History

History
The ancient Macedonians were a culturally, ethnically and linguistically distinct people whose modern history began in the 9th century BC with Caranus (808-778BC), the creator of the ancient Macedonian kingdom and the first known Macedonian king.




The first great empire

Philip II (359-336BC) unifies Macedonia, turning it into the most powerful state in Europe. On August 2, 338BC the Macedonians defeat the Greeks at the Battle of Chaeronea, marking the beginning of the so-called Macedonian Era. Philip’s son, Alexander the Great (356-323BC), conquers the Persian Empire, and Macedonia subsequently becomes the world’s largest empire stretching as far as Egypt in the south and India in the east. Alexander’s death in 323BC brings about civil war, and by 300BC the Macedonian empire is divided between Alexander’s generals, Antigonus I in Macedonia and Greece, Ptolemy I in Egypt and Seleucus I in Asia. Stability is secured under the rule of Antigonus II Gonatas (276-239), and Macedonia’s occupation of Greece is strengthened. Philip V (222-179BC) clashes with an eastward-expanding Rome, sparking the first two Macedonian Wars, which end in the defeat of Philip V’s armies and the loss of Greece. Macedonia is reduced to its original borders. Rome defeats the Macedonian army under Macedonia’s last king, Philip’s son Perseus (179-168BC) in the third Macedonian War. By 146BC Macedonia is a Roman province. The Roman defeat of Cleopatra VII in 30BC brings an end to the last of the Macedonian descendants (the Ptolemy dynasty) in Egypt. The last remains of the mighty Macedonian Empire disappear from the face of the earth.

1st Century
Christianity is preached for the first time in Europe by Paul (Pavel) and his epistles in the Macedonian towns Philippi (Philippes), Thessalonica (Thessaloniki) , and Beroea (Véria). A young Macedonian girl called Lydia becomes the first European to convert to Christianity in 51AD.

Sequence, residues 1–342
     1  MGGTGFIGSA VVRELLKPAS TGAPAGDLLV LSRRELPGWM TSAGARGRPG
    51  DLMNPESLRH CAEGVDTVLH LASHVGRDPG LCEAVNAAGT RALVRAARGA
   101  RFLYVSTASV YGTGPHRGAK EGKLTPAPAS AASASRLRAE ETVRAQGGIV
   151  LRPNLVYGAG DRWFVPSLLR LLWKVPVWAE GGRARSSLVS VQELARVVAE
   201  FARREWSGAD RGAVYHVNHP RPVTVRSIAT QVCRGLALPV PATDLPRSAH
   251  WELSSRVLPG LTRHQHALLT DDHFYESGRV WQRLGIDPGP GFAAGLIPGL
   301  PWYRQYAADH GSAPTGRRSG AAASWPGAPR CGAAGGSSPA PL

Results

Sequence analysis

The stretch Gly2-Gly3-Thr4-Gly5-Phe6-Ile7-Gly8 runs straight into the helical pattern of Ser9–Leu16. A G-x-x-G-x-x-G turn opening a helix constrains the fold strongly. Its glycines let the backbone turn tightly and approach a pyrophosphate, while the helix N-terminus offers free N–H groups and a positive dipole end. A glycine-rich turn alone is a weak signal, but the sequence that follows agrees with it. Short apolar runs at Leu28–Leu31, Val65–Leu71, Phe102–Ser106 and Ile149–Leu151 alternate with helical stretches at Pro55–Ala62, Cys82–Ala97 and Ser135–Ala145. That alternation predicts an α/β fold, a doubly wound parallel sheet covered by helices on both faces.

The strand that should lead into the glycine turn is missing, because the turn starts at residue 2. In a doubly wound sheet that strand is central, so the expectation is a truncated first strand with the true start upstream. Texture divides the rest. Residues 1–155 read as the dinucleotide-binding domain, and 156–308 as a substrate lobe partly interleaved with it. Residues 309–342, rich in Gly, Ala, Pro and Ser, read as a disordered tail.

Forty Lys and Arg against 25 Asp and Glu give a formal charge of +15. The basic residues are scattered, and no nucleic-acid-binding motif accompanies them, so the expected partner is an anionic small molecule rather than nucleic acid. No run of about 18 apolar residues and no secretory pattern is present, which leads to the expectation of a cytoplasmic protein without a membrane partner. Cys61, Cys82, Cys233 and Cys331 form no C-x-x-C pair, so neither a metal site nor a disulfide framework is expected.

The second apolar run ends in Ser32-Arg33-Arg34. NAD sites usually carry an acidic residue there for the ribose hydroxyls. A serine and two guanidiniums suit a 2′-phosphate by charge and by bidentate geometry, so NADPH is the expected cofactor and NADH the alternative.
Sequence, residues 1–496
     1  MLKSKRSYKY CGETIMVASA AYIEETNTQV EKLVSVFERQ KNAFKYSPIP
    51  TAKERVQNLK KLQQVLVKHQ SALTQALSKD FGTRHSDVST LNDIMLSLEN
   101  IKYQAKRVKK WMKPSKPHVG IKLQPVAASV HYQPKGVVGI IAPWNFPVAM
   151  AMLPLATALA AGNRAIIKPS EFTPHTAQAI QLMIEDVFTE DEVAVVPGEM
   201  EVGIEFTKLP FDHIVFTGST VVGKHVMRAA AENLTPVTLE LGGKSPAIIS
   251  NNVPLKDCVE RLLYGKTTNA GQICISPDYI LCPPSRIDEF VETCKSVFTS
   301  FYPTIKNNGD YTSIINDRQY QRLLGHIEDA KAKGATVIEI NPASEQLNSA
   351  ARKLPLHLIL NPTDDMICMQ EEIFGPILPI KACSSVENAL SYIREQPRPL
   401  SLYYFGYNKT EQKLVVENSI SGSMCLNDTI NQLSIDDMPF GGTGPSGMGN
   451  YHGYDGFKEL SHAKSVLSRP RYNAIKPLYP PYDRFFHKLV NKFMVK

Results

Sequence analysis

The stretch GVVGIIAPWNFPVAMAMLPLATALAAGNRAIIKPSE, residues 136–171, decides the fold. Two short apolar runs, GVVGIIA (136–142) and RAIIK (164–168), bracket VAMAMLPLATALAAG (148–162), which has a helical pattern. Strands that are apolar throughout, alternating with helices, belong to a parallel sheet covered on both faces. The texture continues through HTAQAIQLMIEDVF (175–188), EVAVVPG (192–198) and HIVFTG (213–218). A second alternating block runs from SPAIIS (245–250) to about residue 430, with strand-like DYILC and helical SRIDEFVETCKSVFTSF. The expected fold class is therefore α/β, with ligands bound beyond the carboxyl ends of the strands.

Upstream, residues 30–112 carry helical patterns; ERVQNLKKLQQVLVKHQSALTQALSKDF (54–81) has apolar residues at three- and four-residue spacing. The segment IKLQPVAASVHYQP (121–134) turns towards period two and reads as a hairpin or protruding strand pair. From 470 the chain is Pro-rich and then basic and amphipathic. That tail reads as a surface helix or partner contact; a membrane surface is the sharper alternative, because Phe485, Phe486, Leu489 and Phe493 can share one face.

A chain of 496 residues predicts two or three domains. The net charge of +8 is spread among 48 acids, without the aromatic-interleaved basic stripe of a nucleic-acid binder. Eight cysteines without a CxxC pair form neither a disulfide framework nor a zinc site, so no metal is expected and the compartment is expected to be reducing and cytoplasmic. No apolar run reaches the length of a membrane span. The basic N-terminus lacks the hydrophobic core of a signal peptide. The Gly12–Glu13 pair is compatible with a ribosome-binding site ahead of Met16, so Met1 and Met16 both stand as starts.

4th Century
In 395 The Roman Empire is divided into western and eastern regions. Macedonia falls to the eastern (Byzantine) half. The first Byzantine Emperors are Roman, but in time Macedonians, Syrian, Armenian, Phrygian (Amorian), and other non-Romans become rulers.
 
6th Century
In 518 A huge earthquake destroys 24 ancient Macedonian cities including Skopje. In 535 The Slavs overrun Macedonia, Greece, Illyria, and Thrace and mix into the Macedonians, Greeks, Illyrians, and Thracians. In the same year the Byzantine Emperor Justinian in honour of his birth place rebuilds the ancient city of Scupi on the site of present day Skopje and names it Justiniana Prima.

9th Century

Between 855 and 886 two Macedonians, brothers Cyril and Methodius from Thessalonica (Thessaloniki), the so-called First, Great City of the Macedonians as described by Byzantine historians, create the original Slavonic alphabet, which is perfected by one of Cyril’s students, St Clement, who named it after his teacher, thus giving the world the Cyrillic alphabet.
 
13th Century
In 1282 the Serbian king Milutin conquers Skopje. King Dushan moves the capital of the Serbian Kingdom to the city.
 
14th-15th Century
Between 1366 and 1395 King Volkashin and his son King Marko rule a powerful state with its capital in Prilep, and try to stop the Turks from invading the Balkans. In 1392 Skopje and the rest of Macedonia are conquered by the Ottomans. King Marko rules as an Ottoman vassal. Being an important religious and military centre, Skopje is burned to the ground by the Ottomans. Realising the strategic importance of Skopje the Turks station a huge army in the city, which attracts many merchants. Skopje becomes a large and important military, trading and cultural centre. Between 1382 and 1453 Skopje is the European base of the Ottoman Sultans.
 
17th Century